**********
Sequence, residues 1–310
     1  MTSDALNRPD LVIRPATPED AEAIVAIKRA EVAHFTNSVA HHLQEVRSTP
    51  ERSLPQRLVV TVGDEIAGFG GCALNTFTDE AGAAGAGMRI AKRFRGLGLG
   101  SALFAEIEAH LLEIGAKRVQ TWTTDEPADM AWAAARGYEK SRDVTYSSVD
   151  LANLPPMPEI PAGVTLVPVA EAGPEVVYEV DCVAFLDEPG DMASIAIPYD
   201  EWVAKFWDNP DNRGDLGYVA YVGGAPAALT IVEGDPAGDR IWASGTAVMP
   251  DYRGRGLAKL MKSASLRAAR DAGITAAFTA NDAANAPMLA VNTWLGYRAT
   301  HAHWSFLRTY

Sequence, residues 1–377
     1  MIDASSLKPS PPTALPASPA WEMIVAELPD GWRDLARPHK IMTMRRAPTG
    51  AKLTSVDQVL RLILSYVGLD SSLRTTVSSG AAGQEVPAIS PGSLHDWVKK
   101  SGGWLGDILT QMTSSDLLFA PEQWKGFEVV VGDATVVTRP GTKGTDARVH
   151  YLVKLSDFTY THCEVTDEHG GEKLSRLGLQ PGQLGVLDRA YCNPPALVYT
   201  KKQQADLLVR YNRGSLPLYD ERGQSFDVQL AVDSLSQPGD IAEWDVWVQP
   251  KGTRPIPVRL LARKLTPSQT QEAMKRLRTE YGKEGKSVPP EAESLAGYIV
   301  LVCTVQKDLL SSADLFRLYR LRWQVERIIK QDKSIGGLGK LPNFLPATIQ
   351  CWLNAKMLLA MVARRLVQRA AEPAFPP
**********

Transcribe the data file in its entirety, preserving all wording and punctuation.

Sequence, residues 1–310
     1  MTSDALNRPD LVIRPATPED AEAIVAIKRA EVAHFTNSVA HHLQEVRSTP
    51  ERSLPQRLVV TVGDEIAGFG GCALNTFTDE AGAAGAGMRI AKRFRGLGLG
   101  SALFAEIEAH LLEIGAKRVQ TWTTDEPADM AWAAARGYEK SRDVTYSSVD
   151  LANLPPMPEI PAGVTLVPVA EAGPEVVYEV DCVAFLDEPG DMASIAIPYD
   201  EWVAKFWDNP DNRGDLGYVA YVGGAPAALT IVEGDPAGDR IWASGTAVMP
   251  DYRGRGLAKL MKSASLRAAR DAGITAAFTA NDAANAPMLA VNTWLGYRAT
   301  HAHWSFLRTY

Sequence, residues 1–377
     1  MIDASSLKPS PPTALPASPA WEMIVAELPD GWRDLARPHK IMTMRRAPTG
    51  AKLTSVDQVL RLILSYVGLD SSLRTTVSSG AAGQEVPAIS PGSLHDWVKK
   101  SGGWLGDILT QMTSSDLLFA PEQWKGFEVV VGDATVVTRP GTKGTDARVH
   151  YLVKLSDFTY THCEVTDEHG GEKLSRLGLQ PGQLGVLDRA YCNPPALVYT
   201  KKQQADLLVR YNRGSLPLYD ERGQSFDVQL AVDSLSQPGD IAEWDVWVQP
   251  KGTRPIPVRL LARKLTPSQT QEAMKRLRTE YGKEGKSVPP EAESLAGYIV
   301  LVCTVQKDLL SSADLFRLYR LRWQVERIIK QDKSIGGLGK LPNFLPATIQ
   351  CWLNAKMLLA MVARRLVQRA AEPAFPP